Petersburg Pilot -

Paulsen’s Finnish relatives visit Petersburg


Shelly Pope

Seppo and Paula Koutaniemi of Kuusamo, Finland made their first trip to the United States and visited with cousin Sue Paulsen in Petersburg. Shown here, from left are Sue Paulsen, Paula Koutniemi and Seppo Koutaniemi.

Seppo and Paula Koutaniemi, of Kuusamo, Finland, made their first trip to the United States and Petersburg to visit family member Sue Paulsen and fell in love with the area.

“Petersburg is a beautiful place,” Seppo said. “The scenery is so different and we feel at home here.”

Seppo and Paula spent about five days in the community and were able to take in many of Petersburg’s fall tourist offerings.

“We were able to visit the museum and really enjoyed that,” Paula said. “It was interesting that most of Petersburg’s residents came here from Norway, but I know there were a few Finns as well.”

Paula explained that many of the Finnish population left the area in order to remain free of the Russian army. “Many moved away to Norway, and then relocated to America,” she said.

The Koutaniemis live very close to the Russian border, and during the war, much of Seppo’s father’s lands were taken when the border moved.

“So many of our young people left Finland to avoid the army,” Paula explained. “If a person was over the age of 19 they were forced to fight with the Russians. That is why so many of our young people left the country.”

She also explained that it was probably the reason there were Finnish people to settle here with those from Norway.

Seppo, who is an architect by profession, designs high schools and assisted living centers, visited Petersburg’s hospital and schools. “I am so very impressed with the comfortable feel of your school and hospital,” Seppo said. “The buildings here are very different from the traditional style we have at home.”

Paula explained that she was most impressed to see the students in the building after the school day had ended. “They were all working together on homework, or projects, everyone seemed to be very at home.”

Paula, who is a psychologist, views the area from a completely different point of view. “I work with families and children with learning disabilities,” she stated. “I work hard to make sure they receive what they need. Here they all seem to be so happy and comfortable with each other.”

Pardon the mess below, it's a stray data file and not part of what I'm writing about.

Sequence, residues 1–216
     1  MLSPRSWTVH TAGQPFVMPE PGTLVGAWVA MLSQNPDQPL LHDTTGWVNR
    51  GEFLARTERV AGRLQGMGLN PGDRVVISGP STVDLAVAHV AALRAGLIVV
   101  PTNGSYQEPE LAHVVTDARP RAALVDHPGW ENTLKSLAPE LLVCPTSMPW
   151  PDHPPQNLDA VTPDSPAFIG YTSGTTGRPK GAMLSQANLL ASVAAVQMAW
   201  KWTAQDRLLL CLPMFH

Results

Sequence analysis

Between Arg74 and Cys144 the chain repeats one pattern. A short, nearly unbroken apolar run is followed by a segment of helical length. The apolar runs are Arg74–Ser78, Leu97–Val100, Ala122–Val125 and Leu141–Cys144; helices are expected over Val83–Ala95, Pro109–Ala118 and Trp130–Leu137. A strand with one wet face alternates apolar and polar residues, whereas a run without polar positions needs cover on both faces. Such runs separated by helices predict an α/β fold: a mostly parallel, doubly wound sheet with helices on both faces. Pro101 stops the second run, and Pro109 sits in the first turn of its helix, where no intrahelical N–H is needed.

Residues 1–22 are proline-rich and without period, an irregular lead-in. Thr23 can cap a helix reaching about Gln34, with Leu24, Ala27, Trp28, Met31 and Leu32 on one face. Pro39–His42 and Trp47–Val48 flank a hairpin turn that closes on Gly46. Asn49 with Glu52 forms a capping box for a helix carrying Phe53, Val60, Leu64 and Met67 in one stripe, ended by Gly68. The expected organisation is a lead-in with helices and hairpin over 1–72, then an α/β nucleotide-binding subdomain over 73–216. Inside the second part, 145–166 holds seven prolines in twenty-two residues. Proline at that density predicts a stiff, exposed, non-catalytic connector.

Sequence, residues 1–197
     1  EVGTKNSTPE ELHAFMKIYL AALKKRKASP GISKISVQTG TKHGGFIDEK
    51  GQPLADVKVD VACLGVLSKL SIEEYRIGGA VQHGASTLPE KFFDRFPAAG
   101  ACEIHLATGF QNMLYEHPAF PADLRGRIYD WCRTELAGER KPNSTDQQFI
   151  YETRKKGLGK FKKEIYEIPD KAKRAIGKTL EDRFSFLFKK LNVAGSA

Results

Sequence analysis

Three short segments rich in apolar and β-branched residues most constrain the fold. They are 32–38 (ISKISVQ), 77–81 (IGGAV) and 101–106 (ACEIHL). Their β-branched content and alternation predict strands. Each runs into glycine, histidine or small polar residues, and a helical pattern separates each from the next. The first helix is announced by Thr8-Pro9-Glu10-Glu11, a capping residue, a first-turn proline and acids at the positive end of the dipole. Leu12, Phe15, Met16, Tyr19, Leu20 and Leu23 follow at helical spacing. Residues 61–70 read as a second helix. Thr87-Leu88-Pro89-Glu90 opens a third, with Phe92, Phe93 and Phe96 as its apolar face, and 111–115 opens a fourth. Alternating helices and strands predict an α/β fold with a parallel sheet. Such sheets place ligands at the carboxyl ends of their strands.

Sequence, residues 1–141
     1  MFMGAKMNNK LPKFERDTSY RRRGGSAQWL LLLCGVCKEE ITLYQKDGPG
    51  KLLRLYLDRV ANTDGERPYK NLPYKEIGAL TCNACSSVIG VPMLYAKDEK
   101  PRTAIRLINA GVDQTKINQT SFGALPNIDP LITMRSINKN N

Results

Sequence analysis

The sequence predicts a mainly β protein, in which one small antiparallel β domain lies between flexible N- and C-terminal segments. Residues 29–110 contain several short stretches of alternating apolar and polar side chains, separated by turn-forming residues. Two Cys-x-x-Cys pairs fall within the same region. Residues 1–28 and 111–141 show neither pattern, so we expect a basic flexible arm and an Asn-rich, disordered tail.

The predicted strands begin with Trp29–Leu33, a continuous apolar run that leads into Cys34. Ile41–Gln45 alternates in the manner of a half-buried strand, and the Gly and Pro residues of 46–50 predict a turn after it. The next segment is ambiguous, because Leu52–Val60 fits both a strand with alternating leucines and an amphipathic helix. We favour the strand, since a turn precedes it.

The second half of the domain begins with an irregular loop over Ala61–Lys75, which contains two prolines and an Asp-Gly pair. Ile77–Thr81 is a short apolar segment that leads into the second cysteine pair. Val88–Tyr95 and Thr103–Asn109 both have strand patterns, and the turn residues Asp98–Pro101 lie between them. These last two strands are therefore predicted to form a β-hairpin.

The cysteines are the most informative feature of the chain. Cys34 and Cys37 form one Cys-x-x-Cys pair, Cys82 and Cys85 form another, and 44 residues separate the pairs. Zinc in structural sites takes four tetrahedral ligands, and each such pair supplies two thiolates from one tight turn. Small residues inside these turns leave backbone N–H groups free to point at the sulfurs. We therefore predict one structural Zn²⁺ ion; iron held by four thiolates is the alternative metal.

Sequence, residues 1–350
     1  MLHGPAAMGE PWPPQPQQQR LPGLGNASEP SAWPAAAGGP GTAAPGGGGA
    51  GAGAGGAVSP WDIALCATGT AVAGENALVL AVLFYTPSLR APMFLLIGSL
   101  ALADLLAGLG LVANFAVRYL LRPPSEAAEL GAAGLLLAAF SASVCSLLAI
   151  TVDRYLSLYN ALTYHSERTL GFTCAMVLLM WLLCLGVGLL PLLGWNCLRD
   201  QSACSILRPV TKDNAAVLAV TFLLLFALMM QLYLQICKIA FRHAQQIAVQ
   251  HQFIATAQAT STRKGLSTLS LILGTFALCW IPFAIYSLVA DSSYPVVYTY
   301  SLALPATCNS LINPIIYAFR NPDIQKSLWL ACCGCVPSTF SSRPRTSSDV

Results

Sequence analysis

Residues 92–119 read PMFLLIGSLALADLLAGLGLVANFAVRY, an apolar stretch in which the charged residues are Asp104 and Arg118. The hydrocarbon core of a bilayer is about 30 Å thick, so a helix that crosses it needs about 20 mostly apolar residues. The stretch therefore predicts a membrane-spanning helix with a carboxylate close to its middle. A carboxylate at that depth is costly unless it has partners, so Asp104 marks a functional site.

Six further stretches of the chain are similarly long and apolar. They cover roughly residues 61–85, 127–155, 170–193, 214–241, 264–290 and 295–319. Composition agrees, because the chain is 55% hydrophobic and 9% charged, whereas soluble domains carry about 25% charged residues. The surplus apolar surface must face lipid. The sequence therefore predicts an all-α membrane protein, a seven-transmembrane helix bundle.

Both Seppo and Paula commented on the way drivers will stop to let them cross the street.

“Everyone is so nice and accommodating,” Paula said. “Everyone speaks to you on the street, this is a wonderful place to live.”

Seppo spoke a phrase in Finnish which translated to, “Living in this town is like living in God’s pocket.”

He explained that the scenery in Finland is very different. “Finland is quite flat,” Seppo stated. “We have a few hills and valleys, but no mountains and no sea.”

The temperatures in Finland compare well with that of Petersburg, but that is where the comparison ends.

A large part of their lives in Finland is the sauna.

“The sauna is where we go to cleanse the body and open the mind,” Seppo said. “It promotes good health and we go there for peace.”

The couple has tried a few different meals since being in the area as well. “We have had moose meatballs, which we like very much,” Paula said. “And pies, we do not have fruit pies in Finland.”

Seppo and Paula have six children and six grandchildren and will continue their trip in Seattle, San Francisco and Florida. They will be visiting their children and other family members along the way.

“Our son lives in San Francisco, and we have old friends in Florida,” Paula said. “We are seeing so much of America on this trip.”

He also explained that one of the big traditions is to go from the sauna straight into the freezing lake.

“We have enjoyed our trip here so much,” Paula said. “We are hoping to come back again very soon, maybe to enjoy your Mayfest.”


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